SAN FRANCISCO—Display boards showed photos of people holding banners with handwritten Chinese messages. Some looked distressed and others looked gruesome. These photos stopped people passing through Portsmouth Square in San Francisco, curious to learn more.
On May 27, Bay Area residents gathered in Chinatown to commemorate the June 4 incident in Tiananmen Square 30 years ago.
Jian Liu was a 21-year-old student in Beijing at the time. He took about 2,000 photos documenting the entire episode.
“I only decided to take them out this year. These photos are more like debts to prove what happened. These need to be returned.”
In 1989, students protested in Tiananmen Square to bring democracy to China in the hope of giving their country a better future. However, the government gunned them down.
Inside China, the topic is rarely brought up, and people cannot easily learn about it online. Over time, people have even forgotten what happened, especially the younger generation.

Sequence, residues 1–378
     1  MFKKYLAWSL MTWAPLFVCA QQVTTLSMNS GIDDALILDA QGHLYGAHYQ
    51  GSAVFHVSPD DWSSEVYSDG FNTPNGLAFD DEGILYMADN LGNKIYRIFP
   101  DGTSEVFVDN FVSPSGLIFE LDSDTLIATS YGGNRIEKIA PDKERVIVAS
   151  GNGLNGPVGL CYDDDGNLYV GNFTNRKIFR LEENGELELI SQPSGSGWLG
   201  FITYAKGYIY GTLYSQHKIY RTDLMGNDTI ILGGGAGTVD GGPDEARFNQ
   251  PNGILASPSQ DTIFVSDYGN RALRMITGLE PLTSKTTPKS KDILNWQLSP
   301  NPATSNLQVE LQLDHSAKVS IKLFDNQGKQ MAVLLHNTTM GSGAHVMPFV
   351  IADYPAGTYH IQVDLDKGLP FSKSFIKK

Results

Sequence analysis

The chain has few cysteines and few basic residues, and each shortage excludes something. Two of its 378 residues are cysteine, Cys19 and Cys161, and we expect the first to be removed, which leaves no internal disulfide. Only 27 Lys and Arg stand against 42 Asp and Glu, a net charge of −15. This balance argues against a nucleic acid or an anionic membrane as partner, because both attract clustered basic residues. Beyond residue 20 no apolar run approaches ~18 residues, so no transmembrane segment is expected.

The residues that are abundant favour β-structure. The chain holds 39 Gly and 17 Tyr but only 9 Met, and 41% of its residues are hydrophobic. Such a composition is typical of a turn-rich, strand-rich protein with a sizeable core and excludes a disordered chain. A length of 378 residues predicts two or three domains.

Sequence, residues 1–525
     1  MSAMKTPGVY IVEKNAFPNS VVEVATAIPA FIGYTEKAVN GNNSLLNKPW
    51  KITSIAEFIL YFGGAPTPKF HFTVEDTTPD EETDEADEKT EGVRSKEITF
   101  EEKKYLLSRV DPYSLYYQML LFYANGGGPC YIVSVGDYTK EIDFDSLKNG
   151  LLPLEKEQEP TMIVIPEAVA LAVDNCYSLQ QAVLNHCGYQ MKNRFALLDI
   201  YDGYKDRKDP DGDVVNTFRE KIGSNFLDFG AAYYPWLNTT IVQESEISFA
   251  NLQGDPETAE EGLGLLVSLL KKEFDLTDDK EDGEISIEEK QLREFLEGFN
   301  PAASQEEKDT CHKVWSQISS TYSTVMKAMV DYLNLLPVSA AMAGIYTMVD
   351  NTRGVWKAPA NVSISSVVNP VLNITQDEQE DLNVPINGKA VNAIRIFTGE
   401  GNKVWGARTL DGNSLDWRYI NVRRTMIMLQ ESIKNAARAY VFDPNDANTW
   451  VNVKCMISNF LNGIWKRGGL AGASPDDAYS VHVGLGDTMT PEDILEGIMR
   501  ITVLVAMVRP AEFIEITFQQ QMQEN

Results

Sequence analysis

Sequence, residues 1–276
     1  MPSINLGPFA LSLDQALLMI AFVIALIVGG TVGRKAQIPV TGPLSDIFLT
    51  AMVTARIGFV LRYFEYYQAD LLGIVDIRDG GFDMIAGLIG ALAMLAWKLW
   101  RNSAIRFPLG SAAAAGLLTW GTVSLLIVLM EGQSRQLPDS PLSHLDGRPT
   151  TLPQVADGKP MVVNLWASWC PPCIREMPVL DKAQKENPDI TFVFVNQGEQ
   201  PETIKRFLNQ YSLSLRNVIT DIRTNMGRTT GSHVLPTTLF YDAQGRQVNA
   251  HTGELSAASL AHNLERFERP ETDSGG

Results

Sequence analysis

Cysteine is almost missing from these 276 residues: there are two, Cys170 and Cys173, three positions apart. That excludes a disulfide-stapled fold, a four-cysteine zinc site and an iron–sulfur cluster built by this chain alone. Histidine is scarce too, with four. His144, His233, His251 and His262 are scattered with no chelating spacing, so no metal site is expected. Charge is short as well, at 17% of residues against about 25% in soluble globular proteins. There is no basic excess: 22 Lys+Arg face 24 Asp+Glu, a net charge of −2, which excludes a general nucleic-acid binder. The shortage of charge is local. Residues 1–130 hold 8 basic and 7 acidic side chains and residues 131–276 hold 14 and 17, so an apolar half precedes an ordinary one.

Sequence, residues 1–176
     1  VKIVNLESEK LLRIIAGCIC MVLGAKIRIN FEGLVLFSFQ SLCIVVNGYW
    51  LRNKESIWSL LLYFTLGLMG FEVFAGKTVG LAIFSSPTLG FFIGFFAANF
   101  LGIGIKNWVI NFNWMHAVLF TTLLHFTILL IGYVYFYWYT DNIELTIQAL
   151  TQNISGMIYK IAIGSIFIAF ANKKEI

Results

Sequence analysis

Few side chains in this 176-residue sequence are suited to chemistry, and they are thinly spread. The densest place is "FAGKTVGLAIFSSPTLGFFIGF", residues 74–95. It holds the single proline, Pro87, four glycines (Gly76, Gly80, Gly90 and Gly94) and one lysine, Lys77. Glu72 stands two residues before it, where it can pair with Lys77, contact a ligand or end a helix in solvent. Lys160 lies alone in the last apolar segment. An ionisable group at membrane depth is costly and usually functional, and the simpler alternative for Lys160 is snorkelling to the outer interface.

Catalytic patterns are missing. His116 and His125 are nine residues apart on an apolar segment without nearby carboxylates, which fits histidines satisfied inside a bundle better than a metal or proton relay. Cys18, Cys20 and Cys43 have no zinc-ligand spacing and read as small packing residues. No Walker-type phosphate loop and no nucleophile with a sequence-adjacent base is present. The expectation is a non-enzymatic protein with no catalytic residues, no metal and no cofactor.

Liu mentioned his 18-year-old daughter who has no concept of the date’s importance.
“Our concept of June 4 is [that it is] a significant event. It’s a noun. But in her mind, it is just another date on the calendar. She doesn’t know what June 4 is at all,” said Liu. “So I feel like I should let more people know.”
Frank Whitby, a tourist from Texas, happened to stumble on the exhibit. He recalled seeing the events on television, and had expected the Chinese government to react that way. However, he learned something interesting when he traveled to China one year.
“When we visited China, I was surprised that young people had no knowledge of the event whatsoever. Or certainly they didn’t profess to having any knowledge of it,” said Whitby.
Fang Zheng was also a student at the time. He lost his legs when a tank ran over him. He commemorates the event every year.
“The June 4 massacre never ended. Why? Because people involved with the protests are still being persecuted in large numbers,” said Zheng. “Just two years ago, a person was arrested for just mentioning or wanting to commemorate June 4.”
Every year local San Francisco residents polish the Goddess of DemocraOn May 27, Bay Area residents gathered in Chinatown to commemorate the June 4 incident in Tiananmen Square 30 years ago.cy, a replica of the original statue created to commemorate the protests in 1989.
“We all saw it [the statue] built together,” said Liu. “To be here today, I’m very moved.”